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My old gran used to say, "There's no shame in being wrong, and if that day ever comes, I'll be the first to admit it."

With that in mind, I have to say that, while I started out completely against the idea of including a panel/workshop on self-publishing in writer's conferencesafter reading people's opinions on the subject and giving it some more thought, I've changed my opinion. 

I'd like to see a panel on 'Is Self-Publishing the Way Forward for You?' or something similar at a writing conference - provided the panel was made up of people from both sides of the fence, and who've had success with their chosen path.

How about you?

When did you last change your opinion about something?

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( 16 comments — Leave a comment )
Oct. 26th, 2011 06:12 pm (UTC)
On any number of religious/theological questions,
and on some political questions.
Oct. 26th, 2011 07:31 pm (UTC)
Lol :)
Oct. 26th, 2011 06:28 pm (UTC)
Actually, I agree with your old gran. XD I've tried not to form opinions, except where I've seen the data. I do form hypotheses, but.....
Oct. 26th, 2011 07:34 pm (UTC)
I'm usually slow to form an opinion, and positively glacial when it comes to changing it. In this case, though, I think I reacted to the way the idea was put forward, rather than the idea itself.
Oct. 26th, 2011 08:26 pm (UTC)
That's the human portion of the equation. How well (or badly) an idea is received is directly proportional to how well (or badly) it was delivered. Different ideas for different audiences..
Oct. 26th, 2011 09:01 pm (UTC)
Very true.
Oct. 26th, 2011 06:29 pm (UTC)
I think that sounds like an excellent, useful panel!

Me, I change my mind about a million times a day on a million subjects. I'm very suggestible :)
Oct. 26th, 2011 07:37 pm (UTC)
Of course, finding a 'successful' self-pubbed authors to sit on the panel may not prove so easy (though I do know one).
Oct. 26th, 2011 07:45 pm (UTC)
I suppose it depends on your definition of success! For some people it's in the money made, for others the recognition, and others still might say it's in moving from self-published to traditionally published off the back of their works. Which is an excellent reason such a panel would be so useful - people should be ready define the kind of "success" they want before deciding which path to take.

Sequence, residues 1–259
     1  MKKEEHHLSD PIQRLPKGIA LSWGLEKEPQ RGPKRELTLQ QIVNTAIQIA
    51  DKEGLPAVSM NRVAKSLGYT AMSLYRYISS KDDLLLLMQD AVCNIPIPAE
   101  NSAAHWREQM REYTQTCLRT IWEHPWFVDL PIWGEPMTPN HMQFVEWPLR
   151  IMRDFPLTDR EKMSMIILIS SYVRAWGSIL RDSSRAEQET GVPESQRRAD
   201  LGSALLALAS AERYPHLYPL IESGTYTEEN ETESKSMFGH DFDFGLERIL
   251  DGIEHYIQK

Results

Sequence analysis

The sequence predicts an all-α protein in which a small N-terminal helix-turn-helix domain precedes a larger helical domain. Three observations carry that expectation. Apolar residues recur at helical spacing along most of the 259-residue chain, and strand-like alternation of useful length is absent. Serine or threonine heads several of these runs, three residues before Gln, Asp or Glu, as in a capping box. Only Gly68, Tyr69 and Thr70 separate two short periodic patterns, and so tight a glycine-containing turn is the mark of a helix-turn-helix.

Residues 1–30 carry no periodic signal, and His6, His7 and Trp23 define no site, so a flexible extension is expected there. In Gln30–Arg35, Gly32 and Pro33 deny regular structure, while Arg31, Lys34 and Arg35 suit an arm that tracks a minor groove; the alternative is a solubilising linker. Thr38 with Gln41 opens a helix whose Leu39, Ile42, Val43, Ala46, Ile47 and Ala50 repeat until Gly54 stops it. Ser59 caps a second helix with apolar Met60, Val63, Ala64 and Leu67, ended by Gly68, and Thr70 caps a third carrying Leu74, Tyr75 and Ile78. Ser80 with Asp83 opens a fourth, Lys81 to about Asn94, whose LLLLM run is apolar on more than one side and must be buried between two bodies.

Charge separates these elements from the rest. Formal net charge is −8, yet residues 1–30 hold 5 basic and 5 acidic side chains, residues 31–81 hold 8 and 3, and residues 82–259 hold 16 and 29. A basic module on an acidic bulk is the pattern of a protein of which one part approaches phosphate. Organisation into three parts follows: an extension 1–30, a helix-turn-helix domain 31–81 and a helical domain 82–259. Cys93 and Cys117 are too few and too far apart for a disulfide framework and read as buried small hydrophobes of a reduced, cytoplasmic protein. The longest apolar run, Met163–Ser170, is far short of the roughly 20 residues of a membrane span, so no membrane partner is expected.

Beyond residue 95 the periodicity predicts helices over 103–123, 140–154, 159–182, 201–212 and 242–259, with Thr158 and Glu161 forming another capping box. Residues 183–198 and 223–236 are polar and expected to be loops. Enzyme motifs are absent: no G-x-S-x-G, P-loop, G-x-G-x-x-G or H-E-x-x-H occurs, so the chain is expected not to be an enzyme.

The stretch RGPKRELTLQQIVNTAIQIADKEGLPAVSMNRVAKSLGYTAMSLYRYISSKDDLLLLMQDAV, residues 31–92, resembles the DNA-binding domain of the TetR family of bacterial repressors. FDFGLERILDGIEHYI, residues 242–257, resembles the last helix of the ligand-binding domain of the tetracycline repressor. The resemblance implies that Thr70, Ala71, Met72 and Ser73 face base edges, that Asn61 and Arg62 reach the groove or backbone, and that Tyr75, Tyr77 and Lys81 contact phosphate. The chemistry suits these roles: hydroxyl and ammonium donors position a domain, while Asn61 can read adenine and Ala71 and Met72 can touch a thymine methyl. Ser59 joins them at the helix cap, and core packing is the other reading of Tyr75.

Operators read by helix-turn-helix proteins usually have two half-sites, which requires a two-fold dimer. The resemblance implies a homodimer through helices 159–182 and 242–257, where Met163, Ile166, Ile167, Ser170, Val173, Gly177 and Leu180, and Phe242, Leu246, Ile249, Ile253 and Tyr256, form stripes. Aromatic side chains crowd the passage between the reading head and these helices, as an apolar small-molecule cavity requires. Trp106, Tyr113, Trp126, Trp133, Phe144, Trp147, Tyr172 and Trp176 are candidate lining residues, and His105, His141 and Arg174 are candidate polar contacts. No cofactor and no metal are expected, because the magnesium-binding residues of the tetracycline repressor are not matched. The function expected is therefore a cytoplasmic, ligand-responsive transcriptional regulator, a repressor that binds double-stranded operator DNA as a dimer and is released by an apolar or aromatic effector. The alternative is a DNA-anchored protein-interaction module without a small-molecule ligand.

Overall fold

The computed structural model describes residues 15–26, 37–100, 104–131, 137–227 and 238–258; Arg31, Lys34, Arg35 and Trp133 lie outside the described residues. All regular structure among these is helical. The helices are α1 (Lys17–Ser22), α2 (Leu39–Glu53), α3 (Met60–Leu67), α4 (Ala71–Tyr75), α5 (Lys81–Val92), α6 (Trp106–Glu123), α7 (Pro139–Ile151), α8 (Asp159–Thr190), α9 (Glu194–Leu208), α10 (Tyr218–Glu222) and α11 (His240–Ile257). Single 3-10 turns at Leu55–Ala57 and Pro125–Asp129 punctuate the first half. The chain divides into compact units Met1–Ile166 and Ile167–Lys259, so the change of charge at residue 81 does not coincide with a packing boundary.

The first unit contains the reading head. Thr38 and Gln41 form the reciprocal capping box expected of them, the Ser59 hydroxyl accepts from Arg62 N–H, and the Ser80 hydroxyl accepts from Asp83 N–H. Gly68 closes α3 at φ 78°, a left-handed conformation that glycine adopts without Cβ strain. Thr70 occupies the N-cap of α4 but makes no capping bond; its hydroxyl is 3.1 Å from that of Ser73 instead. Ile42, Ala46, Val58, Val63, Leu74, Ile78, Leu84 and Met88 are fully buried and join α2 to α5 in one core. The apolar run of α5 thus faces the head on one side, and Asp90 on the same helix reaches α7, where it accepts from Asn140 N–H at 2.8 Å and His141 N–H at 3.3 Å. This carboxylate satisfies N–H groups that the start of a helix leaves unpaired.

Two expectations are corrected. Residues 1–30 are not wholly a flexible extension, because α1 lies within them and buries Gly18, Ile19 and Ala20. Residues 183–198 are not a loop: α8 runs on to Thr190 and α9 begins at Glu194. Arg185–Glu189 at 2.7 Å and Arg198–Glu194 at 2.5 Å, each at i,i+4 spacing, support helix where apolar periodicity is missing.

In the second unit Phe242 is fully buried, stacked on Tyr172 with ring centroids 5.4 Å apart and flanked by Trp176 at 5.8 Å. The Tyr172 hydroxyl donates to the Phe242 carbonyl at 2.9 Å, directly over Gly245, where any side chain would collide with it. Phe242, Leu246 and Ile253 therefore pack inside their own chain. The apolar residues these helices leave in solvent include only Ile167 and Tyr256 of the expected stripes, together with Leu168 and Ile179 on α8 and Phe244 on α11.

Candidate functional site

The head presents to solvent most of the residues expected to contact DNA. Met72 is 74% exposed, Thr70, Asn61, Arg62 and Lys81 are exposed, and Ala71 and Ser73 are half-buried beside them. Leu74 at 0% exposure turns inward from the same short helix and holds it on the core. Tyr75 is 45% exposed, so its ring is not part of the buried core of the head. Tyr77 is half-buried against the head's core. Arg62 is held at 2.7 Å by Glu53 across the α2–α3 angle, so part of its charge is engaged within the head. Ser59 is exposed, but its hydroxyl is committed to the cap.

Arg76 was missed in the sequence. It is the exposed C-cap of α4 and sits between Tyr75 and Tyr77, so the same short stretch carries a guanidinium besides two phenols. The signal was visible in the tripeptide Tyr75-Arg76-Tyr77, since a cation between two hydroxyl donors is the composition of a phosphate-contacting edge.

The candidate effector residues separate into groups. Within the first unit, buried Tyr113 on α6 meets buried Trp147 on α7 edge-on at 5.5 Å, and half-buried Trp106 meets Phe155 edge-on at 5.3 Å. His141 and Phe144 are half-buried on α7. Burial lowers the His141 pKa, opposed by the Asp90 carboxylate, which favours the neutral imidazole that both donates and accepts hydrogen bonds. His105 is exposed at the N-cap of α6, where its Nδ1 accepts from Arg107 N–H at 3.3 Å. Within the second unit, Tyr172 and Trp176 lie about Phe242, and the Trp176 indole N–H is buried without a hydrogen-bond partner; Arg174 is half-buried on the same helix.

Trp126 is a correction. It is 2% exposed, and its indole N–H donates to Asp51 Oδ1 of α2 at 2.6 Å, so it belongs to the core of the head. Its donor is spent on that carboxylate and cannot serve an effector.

Oct. 26th, 2011 09:01 pm (UTC)
The self-pubbed author I know went from self-pubbed to traditional, though not just with e-books.
Oct. 27th, 2011 06:18 pm (UTC)
I'm with you on this.
I used to be very against self publishing, but I have since changed my mind. I've read some excellent self-published novels (and also some that were abysmal, full of plot holes and spelling errors) and I now think that so long as the author is willing to put in the time and effort to do it right, self publishing is not a waste of money and can be very successful.

I'd love to see a panel discussion on this at a conference.
Uta Burke
Oct. 28th, 2011 01:46 pm (UTC)
Re: I'm with you on this.
Excellent post, planetpailly. I have decided to self-publish my 4th novel "Immortal Link"(the other 3 will stay in my desk-drawer forever), but not after I used several beta readers, and finally hired and paid a professional editor. Now my book is being read in Ireland, Germany, a prison, the US, and on a flight to China. Or it could sit in my deskdrawer. I receive incredible reviews from total strangers about the story and the book itself, which would certainly not be the case had I not put so much time and effort into the work to make it the best possible. I used CreateSpace which is linked to Amazon.com and had nothing but a pleasant and positive experience with them.
Oct. 27th, 2011 09:02 pm (UTC)
I discovered this powerpoint presentation on publishing (trad, indie, and vanity, including the differences and pros/cons of each), it'd be a great place to start off a panel on self pub. Some of the stuff in it can be applied to _any_ venue you choose to publish in. Such as the advice on Branding and pen names.
Oct. 30th, 2011 10:14 am (UTC)
Thanks for the info :)
Oct. 28th, 2011 01:01 pm (UTC)
Interesting. I've always been open to the discussion of Self-publishing, but have yet to see any arguments that make me believe that it isn't in detriment of final quality (true democracy is NEVER good for consumers). It's seems a bit of a spinoff of the modern feeling that anything which eliminates the masses from contention is bad - especially if the criteria is talent and quality...
Oct. 30th, 2011 10:20 am (UTC)
I can see why folks like the idea of cutting out (what they see as) the gate keeper. It'll be interesting to see what happens with self-publishing over the next few years.

( 16 comments — Leave a comment )

Things What I Wrote and Other Stuff

No longer in print but there are still some copies floating around out there

No longer in print but there are still some copies floating around out there



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